- Households' inflation expectations perked up with higher fuel
- Job gains allow Americans to stay upbeat about their finances
Consumer confidence declined in the first half of March as lower-income Americans grew more concerned about prospects for the U.S. economy and higher gasoline prices.
The University of Michigan’s preliminary sentiment index fell to a five-month low of 90 from to 91.7 in February. The median projection in a Bloomberg survey of economists called for 92.2. The group’s measures of year-ahead and longer-term inflation expectations picked up.
The setback in confidence this month was among households at the bottom end of the income scale as prices at the gas pump marched higher. At the same time, the report showed robust labor market conditions are underpinning Americans’ expectations that pay gains will follow suit.
“It appears that the gain in gasoline prices was probably the primary driver of a lower level of confidence,”said Sam Bullard, a senior economist at Wells Fargo Securities LLC in Charlotte, North Carolina. "Clearly, increases in gasoline prices are particularly felt with lower income households. It’s certainly going to temper sentiment."
Estimates for consumer sentiment from 65 economists in the Bloomberg survey ranged from 90 to 94.
The Michigan report corroborates the weekly Bloomberg Consumer Comfort Index which has held in a narrow range the entire year. The report’s monthly gauge of expectations about the economy also eased in March to a five-month low.
The Michigan measure of current conditions, which takes stock of Americans’ view of their personal finances, dropped this month to 105.6, the lowest since November, from 106.8 in February.
The gauge of expectations for the next six months decreased to 80, the weakest in six months, from 81.9 in February.
Households expected the inflation rate over the next year will be 2.7 percent, up from 2.5 percent in the first two months of the year. Over the next five to 10 years, consumers projected prices would climb 2.7 percent, up from 2.5 percent last month, which matched the lowest level since the late-1970s.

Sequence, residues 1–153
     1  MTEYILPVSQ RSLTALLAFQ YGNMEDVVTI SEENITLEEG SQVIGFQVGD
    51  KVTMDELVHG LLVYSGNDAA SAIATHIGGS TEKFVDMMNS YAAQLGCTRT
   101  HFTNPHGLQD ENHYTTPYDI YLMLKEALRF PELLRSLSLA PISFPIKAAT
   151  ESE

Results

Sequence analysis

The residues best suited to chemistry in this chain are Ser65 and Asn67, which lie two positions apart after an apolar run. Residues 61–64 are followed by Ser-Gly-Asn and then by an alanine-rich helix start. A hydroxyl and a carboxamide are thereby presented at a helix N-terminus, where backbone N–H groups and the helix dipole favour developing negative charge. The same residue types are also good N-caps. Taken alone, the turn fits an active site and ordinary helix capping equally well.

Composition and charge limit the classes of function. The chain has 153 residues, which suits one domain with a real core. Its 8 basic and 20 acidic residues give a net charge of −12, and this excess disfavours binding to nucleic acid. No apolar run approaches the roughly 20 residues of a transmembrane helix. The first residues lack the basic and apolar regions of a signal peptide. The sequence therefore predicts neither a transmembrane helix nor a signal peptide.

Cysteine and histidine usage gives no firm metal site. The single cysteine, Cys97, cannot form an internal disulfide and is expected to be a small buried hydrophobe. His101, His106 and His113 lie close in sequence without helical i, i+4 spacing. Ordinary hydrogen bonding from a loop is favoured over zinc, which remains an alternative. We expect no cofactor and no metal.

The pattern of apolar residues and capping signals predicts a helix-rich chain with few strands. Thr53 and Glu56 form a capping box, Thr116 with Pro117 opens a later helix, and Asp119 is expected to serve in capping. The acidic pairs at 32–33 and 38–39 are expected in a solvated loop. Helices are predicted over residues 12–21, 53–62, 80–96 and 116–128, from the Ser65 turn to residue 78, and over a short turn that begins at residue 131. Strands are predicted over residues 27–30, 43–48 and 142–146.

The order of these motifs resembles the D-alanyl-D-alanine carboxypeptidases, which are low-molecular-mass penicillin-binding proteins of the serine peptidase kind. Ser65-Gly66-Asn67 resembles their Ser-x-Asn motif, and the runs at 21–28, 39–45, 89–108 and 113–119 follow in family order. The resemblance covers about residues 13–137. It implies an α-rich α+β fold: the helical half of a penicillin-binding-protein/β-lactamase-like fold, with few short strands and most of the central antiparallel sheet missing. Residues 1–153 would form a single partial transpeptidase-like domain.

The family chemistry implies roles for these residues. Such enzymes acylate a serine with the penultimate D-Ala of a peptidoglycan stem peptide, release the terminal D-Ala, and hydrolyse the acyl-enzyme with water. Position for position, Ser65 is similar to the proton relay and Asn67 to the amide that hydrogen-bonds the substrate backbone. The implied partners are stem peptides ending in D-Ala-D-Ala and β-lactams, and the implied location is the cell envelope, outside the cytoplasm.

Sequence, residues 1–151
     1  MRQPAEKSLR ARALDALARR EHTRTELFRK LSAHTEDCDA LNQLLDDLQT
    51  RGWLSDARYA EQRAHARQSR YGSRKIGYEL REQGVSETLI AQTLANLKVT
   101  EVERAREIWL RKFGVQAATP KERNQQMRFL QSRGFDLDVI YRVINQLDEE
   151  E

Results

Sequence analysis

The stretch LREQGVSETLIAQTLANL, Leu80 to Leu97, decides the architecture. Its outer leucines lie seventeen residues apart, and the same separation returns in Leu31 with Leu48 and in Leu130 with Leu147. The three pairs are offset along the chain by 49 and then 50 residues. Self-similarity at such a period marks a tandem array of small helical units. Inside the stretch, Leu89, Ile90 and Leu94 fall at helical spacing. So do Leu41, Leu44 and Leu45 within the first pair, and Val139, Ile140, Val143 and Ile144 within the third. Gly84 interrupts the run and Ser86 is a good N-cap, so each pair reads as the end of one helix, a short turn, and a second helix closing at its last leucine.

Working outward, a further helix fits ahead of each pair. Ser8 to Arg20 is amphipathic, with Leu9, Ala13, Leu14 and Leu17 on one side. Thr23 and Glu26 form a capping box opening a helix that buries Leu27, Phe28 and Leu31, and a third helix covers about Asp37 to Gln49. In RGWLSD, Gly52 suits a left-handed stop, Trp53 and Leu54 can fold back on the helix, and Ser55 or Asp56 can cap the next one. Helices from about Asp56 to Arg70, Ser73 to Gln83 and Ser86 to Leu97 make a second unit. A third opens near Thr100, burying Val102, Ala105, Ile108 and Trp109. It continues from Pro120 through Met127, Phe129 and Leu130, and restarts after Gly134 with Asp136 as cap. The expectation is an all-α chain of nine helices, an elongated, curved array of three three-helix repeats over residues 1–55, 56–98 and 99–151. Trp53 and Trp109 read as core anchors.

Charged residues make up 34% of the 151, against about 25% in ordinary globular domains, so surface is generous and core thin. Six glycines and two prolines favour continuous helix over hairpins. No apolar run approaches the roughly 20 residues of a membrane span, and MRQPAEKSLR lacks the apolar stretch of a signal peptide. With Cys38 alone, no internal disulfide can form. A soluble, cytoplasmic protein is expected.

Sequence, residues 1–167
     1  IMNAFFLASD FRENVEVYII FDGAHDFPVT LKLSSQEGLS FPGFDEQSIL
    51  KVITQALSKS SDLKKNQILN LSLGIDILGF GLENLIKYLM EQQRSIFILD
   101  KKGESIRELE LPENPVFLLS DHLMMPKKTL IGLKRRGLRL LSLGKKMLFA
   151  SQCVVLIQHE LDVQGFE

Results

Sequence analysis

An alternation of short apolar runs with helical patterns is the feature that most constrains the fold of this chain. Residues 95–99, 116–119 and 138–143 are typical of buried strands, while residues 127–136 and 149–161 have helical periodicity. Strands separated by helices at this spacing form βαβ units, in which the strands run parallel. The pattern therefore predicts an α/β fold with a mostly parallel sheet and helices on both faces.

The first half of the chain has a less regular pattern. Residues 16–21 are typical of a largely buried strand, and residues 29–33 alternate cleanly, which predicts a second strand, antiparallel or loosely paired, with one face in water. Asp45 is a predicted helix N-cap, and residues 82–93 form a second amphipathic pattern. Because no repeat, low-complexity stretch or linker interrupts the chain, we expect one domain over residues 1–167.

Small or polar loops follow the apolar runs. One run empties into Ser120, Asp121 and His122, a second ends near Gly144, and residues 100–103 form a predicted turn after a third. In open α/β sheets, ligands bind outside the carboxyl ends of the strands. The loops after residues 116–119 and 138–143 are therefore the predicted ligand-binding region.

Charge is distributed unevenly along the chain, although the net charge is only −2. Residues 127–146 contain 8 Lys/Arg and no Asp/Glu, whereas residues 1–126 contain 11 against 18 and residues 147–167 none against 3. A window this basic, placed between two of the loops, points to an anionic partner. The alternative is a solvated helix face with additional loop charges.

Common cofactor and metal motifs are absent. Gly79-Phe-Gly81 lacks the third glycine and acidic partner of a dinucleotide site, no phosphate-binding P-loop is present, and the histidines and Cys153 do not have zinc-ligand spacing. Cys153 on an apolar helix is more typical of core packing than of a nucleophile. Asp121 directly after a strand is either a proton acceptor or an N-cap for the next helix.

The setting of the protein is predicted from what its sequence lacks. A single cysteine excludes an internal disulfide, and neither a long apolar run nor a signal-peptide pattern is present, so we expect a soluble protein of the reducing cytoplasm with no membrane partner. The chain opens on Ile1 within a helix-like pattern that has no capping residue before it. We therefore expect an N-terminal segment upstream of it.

“It has mostly been due to rising gasoline prices,” Richard Curtin, director of the Michigan Survey of Consumers, said on a Bloomberg conference call after the figures. “The overall firming of core prices has had an effect, but that is slow in coming and it would probably argue that we would see some further increases in the months ahead.”
Respondents expect an almost $1 increase in a gallon of gasoline in the next five years, almost twice as high as in January. Prices at the pump advanced to $1.96 a gallon in mid-March from a seven-year low of $1.70 in February, according to the motoring group AAA.
Recent reports have shown that price pressures are starting to stir. A core measure of consumer prices, which strips out food and fuel, rose 2.3 percent from February 2015, the most since May 2012, data from the Labor Department showed Wednesday.
Buying conditions declined slightly this month, the Michigan report showed. Favorable mentions of low prices for big-ticket items fell, with those for vehicles dropping to the lowest level in 15 years.
The Michigan data also showed that 39 percent of households reported that their incomes had recently increased. With inflation low, the fewest consumers since 2008 anticipated price-adjusted income declines in the year ahead.
“What’s keeping personal finances optimistic among consumers is that their meager wage increases have out-distanced the very low inflation rate,” Curtin said.
A healthy labor market has been a catalyst underpinning sentiment. Employers added 242,000 workers in February and the jobless rate held at an eight-year low of 4.9 percent. A report Thursday showed job openings were the third-highest since records began in 2000.
At the same time, hourly earnings increased 2.2 percent in February from the same time a year earlier, in line with the 2.1 percent average since the expansion began in mid-2009.